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Autism Awareness Graduates to Greater Understanding

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Autism Awareness Graduates to Greater Understanding

April 7, 2016, Marilyn Lord

Adam and his Certificate of Merit for Language Arts
I think we all start out noticing the surface appearance and outer behaviors of people when we first meet them -- whether that person has a disability or not. I once heard someone advise parents to give extra attention to their disabled children’s clothing and grooming. "It’s hard enough for others to see beneath the surface with our kids," the expert advised, "so don’t make it harder." It’s true that most of us are attracted to, or turned off by, aesthetics. In our self-aware moments, we may even wish we were not so influenced by our culturally trained senses. So, when our awareness moves beyond the outer characteristics of a disability, a certain relief comes in crossing that threshold to a place of understanding.

At one time, my son’s most reflexive way of expressing himself was to pitch something across the room. That one-note communication style left me feeling defeated and not at all informed. Until one day at breakfast when he responded to my frustrated sigh over his spilled yogurt with the immediate launch of his cup -- I had a moment of clarity. I saw for the first time my negativity boomerang right back at me.

I had witnessed an application of physics they didn’t teach me in school. Adam was showing me that the way we act and react affects others around us more than we know -- and leave it to my less-filtered child with autism to point that out.

Acting on Adam’s clue was like deciding to stop pulling an unraveling thread and simply find the place of origin and mend it. I had to recognize that I was the least common denominator to all my experiences so that was the only place to start. I resented it at first. It hardly seemed fair when I wasn’t the one tearing up the house. But, I was the one picking up the broken pieces most of the time, so there was my incentive. I recognized I could not be successful in helping my children manage their own behavior if I, at the core of me, couldn’t maintain an even keel myself.

Just think how inconsistent we are in our emotional expression with typically developing children. When a child is learning to walk and stumbles, he is met with a smile and a "Whoops!". When that same little one is toilet training and leaves an inconvenient puddle, is it an understanding response that we offer? Both behaviors are normal and expected in development, but our responses may vary anyway.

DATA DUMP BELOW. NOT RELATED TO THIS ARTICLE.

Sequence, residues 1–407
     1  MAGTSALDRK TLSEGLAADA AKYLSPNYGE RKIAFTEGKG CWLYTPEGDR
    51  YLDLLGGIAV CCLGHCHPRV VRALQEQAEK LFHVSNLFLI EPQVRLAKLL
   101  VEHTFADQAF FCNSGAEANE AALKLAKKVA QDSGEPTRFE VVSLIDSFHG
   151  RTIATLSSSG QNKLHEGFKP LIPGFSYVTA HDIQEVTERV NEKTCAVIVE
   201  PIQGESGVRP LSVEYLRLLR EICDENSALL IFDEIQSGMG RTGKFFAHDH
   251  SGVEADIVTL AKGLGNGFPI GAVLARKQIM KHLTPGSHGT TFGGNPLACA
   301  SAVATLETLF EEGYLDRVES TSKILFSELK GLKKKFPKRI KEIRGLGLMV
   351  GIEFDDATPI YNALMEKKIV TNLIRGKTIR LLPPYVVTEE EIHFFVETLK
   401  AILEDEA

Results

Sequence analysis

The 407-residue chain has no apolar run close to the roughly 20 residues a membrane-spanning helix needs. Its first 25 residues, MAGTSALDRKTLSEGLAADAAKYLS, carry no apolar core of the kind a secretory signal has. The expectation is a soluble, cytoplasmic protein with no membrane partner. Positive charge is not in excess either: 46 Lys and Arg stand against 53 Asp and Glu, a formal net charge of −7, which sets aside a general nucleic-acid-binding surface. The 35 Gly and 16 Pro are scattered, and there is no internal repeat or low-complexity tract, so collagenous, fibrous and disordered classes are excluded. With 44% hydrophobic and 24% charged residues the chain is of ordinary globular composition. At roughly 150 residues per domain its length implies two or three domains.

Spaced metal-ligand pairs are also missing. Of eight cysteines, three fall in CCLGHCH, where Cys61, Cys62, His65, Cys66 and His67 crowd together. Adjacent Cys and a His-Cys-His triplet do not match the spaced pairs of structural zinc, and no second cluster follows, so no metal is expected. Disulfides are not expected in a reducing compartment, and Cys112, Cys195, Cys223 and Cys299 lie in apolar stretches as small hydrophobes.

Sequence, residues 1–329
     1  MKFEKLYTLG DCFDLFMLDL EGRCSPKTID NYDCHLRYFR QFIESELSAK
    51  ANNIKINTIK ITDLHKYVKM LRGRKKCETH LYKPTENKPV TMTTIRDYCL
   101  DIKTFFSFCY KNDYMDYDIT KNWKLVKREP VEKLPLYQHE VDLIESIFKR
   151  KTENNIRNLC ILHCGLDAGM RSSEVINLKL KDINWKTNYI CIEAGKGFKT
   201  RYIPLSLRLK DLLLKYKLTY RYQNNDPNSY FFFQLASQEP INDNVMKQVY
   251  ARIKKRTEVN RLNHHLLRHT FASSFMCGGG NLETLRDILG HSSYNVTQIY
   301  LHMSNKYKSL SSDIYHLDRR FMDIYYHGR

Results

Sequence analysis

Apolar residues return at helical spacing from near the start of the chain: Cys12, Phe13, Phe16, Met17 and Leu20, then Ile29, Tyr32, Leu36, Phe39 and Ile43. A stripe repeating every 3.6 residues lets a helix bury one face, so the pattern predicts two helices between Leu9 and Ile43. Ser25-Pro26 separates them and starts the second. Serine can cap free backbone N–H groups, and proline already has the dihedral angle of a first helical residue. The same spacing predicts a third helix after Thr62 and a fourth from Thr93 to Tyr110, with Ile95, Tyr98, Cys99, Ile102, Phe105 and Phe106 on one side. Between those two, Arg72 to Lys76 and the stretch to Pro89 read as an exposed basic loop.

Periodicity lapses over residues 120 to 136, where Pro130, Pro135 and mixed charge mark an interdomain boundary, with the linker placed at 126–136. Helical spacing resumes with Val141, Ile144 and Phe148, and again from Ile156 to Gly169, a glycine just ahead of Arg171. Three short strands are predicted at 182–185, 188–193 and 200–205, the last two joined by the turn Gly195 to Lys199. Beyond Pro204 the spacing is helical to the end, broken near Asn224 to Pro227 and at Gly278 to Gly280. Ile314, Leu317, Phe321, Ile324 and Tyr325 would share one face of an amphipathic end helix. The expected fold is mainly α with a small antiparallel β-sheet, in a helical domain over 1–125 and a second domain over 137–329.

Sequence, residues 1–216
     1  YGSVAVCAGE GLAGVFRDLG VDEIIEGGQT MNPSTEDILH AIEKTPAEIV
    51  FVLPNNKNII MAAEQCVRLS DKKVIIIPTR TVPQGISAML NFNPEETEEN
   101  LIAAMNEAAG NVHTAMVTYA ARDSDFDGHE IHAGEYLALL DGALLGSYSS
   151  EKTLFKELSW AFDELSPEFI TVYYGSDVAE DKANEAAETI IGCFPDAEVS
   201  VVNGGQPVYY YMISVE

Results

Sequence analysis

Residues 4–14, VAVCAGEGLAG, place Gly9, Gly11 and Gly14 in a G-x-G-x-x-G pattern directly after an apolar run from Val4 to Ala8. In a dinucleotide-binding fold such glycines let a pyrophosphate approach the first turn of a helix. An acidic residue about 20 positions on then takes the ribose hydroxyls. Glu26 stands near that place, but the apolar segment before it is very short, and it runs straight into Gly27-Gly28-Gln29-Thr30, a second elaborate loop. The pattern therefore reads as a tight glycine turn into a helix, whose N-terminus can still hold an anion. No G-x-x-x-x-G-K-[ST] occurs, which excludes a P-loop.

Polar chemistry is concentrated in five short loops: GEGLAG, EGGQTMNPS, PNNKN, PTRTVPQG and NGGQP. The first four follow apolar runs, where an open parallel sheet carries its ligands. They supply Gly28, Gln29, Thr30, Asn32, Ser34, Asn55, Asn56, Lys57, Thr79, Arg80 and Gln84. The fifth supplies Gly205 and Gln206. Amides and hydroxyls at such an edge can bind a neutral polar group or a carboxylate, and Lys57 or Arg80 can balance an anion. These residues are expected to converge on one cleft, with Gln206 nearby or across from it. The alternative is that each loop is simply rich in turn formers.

No one likes inconsistency, least of all a child with autism. Traditional parenting often shifts emotionally between approval and disapproval, praise and threats of a timeout. It seemed to me that my special children were looking for something more evolved -- actions that arose from a non-judgmental core. A parent who could see the unwanted thing that was happening as a phase of development, not a feared permanent reality. ABA helped my evolution in responding as much as it helped my children’s, and occupational therapy provided another path for understanding them as well.

Sensory Integration and the Child by A. Jean Ayres
Sensory Integration and the Child by A. Jean Ayres
I think the field of occupational therapy has helped greatly in decoding behaviors associated with autism. It spotlights how the senses of many of our children are heightened or dulled by an out of balance system. The more time I spent learning from Occupational Therapists (OTs), the more compassion began to replace frustration. For parents, I often recommend the book Sensory Integration and the Child by A. Jean Ayres for the clarity it can bring.

Recently our Director of Clinical Training, Jessica Mitts, told a group of medical professionals at our local children’s hospital: "Children with autism may laugh, cry, and perform a range of unusual behaviors for no apparent reason, but, there’s always a reason." She gave an example of a client who would look in the direction of a passing plane several seconds before anyone else could hear it. Like my son, this young man’s heightened auditory sense meant a gardener doing his job, or a couple having a jovial conversation at the next table, could be agonizing encounters.

Perceptually, my children seemed different in other ways too. I thought many times that they could read my mind. My daughter, Sarah, was a master at finding things I had hidden to avoid breakage or consumption. In his youth, Adam told me countless times: "Mom, look happy!", even when I was "putting a good face on it." I guess I wasn’t fooling him for a second.

It was true. I used to move back and forth between seeing autism or seeing them. Sometimes I felt good when I gazed upon them, and sometimes, often really, I felt bad. If I was that transparent according to their sense of things, then it could explain why Sarah escaped into the happy world of Barney, and Adam spent years determined to prove that magic wands really could create a different world.

Well, I am different now -- but wands didn’t do it. I completely credit my children for being the catalyst for that change. I followed a few clues, looked beneath the surface, and allowed others to help me translate what I was observing. It is a path to understanding that benefits everyone -- on or off the autism spectrum.